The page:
Jennifer S. Carew

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In 2008 we published the first set of guidelines for standardizing research in autophagy. Since then, research on this topic has continued to accelerate, and many new scientists have entered the field. Our knowledge base and relevant new technologies have also been expanding. Accordingly, it is important to update these guidelines for monitoring autophagy(More)
Cancer cells generally exhibit increased glycolysis for ATP generation (the Warburg effect) due in part to mitochondrial respiration injury and hypoxia, which are frequently associated with resistance to therapeutic agents. Here, we report that inhibition of glycolysis severely depletes ATP in cancer cells, especially in clones of cancer cells with(More)
Mitochondrial DNA (mtDNA) mutations and deletions are frequently observed in cancer, and contribute to altered energy metabolism, increased reactive oxygen species (ROS), and attenuated apoptotic response to anticancer agents. The mechanisms by which cells maintain mitochondrial genomic integrity and the reason why cancer cells exhibit more frequent mtDNA(More)
Cancer cells exhibit increased glycolysis for ATP production due, in part, to respiration injury (the Warburg effect). Because ATP generation through glycolysis is less efficient than through mitochondrial respiration, how cancer cells with this metabolic disadvantage can survive the competition with other cells and eventually develop drug resistance is a(More)
Cancer cells are under intrinsic increased oxidative stress and vulnerable to free radical-induced apoptosis. Here, we report a strategy to hinder mitochondrial electron transport and increase superoxide O2. radical generation in human leukemia cells as a novel mechanism to enhance apoptosis induced by anticancer agents. This strategy was first tested in a(More)
Mitochondria play important roles in cellular energy metabolism, free radical generation, and apoptosis. Defects in mitochondrial function have long been suspected to contribute to the development and progression of cancer. In this review article, we aim to provide a brief summary of our current understanding of mitochondrial genetics and biology, review(More)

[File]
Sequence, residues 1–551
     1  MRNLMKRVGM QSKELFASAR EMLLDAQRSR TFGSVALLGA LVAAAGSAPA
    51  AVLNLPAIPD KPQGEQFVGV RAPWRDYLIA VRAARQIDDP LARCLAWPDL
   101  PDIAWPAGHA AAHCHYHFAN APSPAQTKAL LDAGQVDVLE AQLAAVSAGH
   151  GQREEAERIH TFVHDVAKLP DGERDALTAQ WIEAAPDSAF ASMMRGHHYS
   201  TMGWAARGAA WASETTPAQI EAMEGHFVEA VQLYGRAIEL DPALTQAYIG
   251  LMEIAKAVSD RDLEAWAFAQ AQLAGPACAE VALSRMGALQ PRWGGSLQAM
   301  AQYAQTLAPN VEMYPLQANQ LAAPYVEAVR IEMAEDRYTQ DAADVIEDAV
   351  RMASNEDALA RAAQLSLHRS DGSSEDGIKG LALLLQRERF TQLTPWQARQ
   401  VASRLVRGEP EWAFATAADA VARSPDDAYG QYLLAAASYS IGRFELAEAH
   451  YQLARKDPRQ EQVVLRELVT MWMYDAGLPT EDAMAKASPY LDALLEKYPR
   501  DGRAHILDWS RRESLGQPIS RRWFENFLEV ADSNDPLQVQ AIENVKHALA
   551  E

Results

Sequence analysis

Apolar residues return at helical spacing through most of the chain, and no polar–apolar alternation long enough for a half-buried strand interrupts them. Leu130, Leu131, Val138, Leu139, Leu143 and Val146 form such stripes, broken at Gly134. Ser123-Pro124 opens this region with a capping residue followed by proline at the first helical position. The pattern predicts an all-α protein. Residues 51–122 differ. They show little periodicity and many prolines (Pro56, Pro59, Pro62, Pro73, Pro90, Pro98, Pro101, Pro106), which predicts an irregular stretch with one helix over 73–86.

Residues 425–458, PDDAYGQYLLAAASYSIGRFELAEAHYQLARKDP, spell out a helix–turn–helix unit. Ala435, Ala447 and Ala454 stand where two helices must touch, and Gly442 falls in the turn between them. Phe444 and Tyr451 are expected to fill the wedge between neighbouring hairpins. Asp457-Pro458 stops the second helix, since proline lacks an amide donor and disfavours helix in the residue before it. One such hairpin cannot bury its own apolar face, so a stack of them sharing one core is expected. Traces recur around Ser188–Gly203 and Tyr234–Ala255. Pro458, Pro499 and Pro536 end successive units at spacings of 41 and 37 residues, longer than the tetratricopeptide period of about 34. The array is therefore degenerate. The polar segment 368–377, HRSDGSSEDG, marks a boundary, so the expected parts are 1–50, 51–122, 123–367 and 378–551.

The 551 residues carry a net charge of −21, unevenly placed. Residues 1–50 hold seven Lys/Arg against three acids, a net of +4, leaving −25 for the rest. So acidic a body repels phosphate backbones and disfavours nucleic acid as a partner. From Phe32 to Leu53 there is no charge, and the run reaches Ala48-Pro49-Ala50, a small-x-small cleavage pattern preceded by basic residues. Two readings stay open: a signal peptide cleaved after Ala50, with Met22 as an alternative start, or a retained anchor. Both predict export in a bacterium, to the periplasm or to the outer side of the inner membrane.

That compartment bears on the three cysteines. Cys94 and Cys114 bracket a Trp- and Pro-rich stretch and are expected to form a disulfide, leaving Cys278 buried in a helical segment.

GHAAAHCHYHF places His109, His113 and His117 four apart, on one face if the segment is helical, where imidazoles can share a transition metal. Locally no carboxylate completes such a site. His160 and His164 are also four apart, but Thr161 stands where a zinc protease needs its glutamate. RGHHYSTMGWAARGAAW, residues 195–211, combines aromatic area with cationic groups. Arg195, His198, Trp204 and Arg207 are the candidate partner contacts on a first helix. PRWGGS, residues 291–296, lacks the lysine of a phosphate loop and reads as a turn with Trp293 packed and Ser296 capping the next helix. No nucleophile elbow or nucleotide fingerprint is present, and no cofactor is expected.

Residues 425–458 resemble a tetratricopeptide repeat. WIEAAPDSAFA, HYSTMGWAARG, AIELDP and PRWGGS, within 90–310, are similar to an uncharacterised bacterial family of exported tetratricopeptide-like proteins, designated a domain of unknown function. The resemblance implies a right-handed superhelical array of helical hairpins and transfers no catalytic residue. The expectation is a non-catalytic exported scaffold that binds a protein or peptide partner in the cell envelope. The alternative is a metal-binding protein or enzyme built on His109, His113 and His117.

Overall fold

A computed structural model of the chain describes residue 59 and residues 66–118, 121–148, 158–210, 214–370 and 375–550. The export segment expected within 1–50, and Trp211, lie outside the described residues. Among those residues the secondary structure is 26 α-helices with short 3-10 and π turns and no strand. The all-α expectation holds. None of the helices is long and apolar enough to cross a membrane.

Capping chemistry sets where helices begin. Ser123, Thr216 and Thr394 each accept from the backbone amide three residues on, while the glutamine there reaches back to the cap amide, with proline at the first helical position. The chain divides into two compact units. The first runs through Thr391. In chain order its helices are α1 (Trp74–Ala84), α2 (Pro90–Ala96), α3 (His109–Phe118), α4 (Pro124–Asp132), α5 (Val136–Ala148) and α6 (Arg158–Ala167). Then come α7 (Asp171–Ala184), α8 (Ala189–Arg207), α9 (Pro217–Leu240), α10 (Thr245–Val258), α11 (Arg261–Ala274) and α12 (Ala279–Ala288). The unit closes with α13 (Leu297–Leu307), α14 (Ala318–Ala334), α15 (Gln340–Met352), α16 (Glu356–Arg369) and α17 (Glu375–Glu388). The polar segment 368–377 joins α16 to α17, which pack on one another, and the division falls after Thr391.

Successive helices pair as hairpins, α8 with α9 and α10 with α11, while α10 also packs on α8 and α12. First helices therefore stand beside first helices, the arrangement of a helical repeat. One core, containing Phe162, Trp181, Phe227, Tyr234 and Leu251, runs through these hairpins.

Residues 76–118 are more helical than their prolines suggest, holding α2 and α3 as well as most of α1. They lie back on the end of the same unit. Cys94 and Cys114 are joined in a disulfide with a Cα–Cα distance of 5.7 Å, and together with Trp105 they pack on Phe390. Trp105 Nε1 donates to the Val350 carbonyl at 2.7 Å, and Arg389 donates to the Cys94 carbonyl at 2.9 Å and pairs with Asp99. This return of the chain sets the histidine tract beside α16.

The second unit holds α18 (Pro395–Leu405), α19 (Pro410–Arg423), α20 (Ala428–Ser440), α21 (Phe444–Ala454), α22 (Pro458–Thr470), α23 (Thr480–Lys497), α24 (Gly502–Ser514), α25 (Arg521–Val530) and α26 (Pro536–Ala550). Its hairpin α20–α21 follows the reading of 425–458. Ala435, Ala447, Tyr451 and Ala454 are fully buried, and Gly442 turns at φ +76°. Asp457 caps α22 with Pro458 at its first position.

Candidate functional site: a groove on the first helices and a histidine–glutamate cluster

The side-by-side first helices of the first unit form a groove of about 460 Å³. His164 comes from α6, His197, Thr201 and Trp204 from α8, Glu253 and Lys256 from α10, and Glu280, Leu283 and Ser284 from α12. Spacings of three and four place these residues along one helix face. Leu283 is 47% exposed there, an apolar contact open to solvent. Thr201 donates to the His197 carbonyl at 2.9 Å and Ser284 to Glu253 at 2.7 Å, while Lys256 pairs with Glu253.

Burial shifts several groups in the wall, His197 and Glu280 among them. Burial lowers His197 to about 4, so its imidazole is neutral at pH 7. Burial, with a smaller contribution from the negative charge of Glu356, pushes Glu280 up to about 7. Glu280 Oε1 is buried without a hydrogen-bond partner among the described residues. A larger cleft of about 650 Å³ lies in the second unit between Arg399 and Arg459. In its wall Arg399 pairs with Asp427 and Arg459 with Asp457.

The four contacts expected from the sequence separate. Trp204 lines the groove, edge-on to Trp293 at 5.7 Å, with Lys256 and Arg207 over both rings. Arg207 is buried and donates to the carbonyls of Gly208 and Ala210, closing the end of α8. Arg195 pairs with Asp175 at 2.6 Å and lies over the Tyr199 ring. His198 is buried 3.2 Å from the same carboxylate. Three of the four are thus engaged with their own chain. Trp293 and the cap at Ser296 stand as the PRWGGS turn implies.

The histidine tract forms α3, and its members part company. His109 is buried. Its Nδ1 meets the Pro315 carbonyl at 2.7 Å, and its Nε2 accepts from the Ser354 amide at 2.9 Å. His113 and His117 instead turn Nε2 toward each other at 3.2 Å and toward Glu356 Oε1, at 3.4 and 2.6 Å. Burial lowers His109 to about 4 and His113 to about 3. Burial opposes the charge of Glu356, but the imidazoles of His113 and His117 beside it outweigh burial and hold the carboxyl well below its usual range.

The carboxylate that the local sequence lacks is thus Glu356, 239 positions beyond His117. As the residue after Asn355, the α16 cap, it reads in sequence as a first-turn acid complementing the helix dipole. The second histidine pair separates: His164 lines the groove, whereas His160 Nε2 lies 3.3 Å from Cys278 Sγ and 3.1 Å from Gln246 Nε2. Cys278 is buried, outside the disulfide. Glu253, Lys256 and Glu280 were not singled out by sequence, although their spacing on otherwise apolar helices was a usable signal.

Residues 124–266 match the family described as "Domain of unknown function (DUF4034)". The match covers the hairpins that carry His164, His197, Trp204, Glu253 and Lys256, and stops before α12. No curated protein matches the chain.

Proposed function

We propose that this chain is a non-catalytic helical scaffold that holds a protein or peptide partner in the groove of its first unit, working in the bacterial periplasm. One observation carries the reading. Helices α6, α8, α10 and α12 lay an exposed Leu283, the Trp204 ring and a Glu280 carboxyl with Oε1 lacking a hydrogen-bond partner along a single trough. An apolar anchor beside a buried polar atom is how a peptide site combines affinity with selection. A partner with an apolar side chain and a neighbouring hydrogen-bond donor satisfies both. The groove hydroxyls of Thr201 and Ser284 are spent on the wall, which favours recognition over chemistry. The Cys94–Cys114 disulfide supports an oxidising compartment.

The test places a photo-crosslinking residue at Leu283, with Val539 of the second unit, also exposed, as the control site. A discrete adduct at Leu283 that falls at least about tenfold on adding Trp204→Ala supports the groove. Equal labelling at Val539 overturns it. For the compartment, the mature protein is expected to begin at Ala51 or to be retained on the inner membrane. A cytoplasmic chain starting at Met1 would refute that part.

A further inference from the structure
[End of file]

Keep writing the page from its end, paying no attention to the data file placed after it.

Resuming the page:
Histone deacetylases (HDACs) play an important role in the epigenetic regulation of gene expression by catalyzing the removal of acetyl groups, stimulating chromatin condensation and promoting transcriptional repression. Since aberrant epigenetic changes are a hallmark of cancer, HDACs are a promising target for pharmacological inhibition. HDAC inhibitors(More)
We previously reported that inhibition of autophagy significantly augmented the anticancer activity of the histone deacetylase (HDAC) inhibitor vorinostat (VOR) through a cathepsin D-mediated mechanism. We thus conducted a first-in-human study to investigate the safety, preliminary efficacy, pharmacokinetics (PK), and pharmacodynamics (PD) of the(More)
Heat-shock proteins (HSPs) are molecular chaperones that regulate protein folding to ensure correct conformation and translocation and to avoid protein aggregation. Heat-shock proteins are increased in many solid tumours and haematological malignancies. Many oncogenic proteins responsible for the transformation of cells to cancerous forms are client(More)